You are more valuable than the dollar amount hanging in your closet. The price of your car has nothing to do with your worth as an individual. Accumulating a lot of stuff may satiate your appetite for a moment, but you’ll be left with the same negative feelings after the rush dies down.

Action step

If you’re struggling with spending, here’s a great exercise to try. At the beginning of your next pay period, get $100 in cash out of your bank account and keep it in your wallet. Don’t spend it. Examine the wave of emotions that come over you throughout the week in relation to that money.

This is a good exercise in uncovering money emotions you may be unaware of you. Will you end up spending the money? Probably. We all succumb to money stress sometimes, especially those of us who have a habit of spending. But keep doing this every pay period. Eventually, the urge to spend that money will subside.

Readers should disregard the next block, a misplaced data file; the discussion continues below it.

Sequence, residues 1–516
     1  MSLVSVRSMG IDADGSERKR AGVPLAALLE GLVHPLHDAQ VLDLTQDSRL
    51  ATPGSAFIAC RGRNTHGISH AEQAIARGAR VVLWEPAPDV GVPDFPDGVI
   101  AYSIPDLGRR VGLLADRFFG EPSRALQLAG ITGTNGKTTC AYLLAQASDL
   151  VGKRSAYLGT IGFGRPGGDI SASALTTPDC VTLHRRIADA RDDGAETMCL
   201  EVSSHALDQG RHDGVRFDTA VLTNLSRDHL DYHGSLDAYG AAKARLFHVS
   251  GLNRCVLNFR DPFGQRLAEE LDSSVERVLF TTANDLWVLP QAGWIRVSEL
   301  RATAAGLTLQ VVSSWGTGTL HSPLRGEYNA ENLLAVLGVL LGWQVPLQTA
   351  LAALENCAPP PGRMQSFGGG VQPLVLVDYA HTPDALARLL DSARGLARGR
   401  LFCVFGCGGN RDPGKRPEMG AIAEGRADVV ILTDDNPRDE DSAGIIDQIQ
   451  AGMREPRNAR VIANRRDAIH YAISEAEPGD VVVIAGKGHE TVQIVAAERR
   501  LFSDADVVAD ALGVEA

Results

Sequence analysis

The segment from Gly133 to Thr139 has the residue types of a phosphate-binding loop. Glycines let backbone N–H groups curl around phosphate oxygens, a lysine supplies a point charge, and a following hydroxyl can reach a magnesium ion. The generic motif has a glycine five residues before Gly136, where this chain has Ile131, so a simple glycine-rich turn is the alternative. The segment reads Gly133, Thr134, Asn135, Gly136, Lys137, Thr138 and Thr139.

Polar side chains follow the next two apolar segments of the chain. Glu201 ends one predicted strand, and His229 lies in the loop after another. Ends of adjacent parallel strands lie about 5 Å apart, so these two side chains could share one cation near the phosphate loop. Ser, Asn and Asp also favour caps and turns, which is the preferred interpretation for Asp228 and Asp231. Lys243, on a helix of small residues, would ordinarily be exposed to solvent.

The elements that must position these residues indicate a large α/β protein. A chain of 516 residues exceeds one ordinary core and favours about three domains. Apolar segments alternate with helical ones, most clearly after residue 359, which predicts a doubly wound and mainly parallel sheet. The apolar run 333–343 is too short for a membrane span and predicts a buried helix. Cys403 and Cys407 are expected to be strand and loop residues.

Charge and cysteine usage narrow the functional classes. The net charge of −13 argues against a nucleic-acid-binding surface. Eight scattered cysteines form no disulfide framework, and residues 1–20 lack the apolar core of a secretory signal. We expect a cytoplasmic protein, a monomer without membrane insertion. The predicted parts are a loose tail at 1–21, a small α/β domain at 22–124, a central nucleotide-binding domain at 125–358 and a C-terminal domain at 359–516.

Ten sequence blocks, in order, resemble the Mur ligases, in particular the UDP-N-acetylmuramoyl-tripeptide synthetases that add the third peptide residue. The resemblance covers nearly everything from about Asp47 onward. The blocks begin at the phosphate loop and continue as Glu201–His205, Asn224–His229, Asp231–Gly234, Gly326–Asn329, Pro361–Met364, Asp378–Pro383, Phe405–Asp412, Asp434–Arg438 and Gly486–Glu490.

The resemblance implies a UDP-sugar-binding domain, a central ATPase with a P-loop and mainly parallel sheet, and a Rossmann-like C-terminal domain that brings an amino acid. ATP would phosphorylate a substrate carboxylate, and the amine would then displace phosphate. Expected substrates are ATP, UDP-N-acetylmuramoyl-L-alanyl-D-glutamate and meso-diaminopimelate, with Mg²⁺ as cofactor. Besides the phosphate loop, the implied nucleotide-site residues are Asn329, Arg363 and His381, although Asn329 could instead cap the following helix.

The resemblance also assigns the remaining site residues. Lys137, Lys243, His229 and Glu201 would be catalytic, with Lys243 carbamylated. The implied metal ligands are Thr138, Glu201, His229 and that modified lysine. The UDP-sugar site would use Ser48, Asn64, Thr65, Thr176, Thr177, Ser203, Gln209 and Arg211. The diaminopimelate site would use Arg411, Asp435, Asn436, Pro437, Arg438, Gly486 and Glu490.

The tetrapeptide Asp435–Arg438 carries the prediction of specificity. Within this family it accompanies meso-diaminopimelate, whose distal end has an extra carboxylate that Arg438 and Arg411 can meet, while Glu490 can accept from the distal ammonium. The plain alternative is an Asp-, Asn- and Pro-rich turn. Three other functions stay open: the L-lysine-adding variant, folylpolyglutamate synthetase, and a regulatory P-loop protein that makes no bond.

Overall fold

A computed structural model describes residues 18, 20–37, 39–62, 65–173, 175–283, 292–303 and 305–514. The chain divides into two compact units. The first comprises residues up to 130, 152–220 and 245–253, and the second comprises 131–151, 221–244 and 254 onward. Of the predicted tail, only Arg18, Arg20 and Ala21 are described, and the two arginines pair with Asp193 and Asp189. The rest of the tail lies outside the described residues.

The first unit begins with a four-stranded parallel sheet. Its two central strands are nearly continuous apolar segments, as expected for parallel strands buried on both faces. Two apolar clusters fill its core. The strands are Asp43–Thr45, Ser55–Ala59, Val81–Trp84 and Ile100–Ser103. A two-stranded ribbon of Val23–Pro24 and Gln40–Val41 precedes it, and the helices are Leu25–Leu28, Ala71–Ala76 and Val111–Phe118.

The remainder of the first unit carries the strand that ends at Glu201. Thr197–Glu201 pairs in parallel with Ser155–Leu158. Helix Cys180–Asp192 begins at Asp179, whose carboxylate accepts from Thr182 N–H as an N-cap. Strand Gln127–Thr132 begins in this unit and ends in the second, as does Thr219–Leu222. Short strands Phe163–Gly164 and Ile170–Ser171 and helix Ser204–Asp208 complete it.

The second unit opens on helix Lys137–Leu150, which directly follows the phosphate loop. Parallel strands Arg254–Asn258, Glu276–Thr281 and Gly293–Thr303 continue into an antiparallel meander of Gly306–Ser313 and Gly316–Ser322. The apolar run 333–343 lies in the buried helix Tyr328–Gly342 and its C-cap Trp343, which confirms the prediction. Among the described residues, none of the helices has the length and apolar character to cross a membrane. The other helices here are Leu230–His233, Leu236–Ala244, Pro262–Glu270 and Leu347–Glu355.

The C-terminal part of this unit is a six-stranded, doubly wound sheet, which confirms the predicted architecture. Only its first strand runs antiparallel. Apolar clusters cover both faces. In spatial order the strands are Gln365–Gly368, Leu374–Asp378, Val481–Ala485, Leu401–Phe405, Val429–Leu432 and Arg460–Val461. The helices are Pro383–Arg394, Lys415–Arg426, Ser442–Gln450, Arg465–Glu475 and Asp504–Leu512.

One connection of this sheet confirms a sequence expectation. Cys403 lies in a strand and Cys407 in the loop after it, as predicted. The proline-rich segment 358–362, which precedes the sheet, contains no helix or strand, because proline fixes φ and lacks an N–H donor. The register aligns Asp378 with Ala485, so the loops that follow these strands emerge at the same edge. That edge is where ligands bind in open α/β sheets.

Live The Life You Desire.

By | Vlogs | No Comments

With the markets being up lately, it’s easy to feel like you don’t have to stick to the intentions and goals you’ve made for yourself. Continue to live by these intentions and stay on track. Doing so will allow you to live the live you desire.

Julie Murphy Casserly (CLU, ChFC, CFP®) is a 17-year veteran of the financial services industry and has often been referred to as a financial healer.  She is turning the personal finance industry upside down by de-bunking standard financial planning processes and educating people about a new way of finding financial success.

Dream with a Purpose

By | Advice from Julie Murphy Casserly, Blog, Dreamers | No Comments

Lately, I’ve been posting a lot of questions on my Facebook profile that basically asked how your life would be different if money weren’t an issue. The answers spanned everything from going back to school to owning a business to a luxurious life on the beach.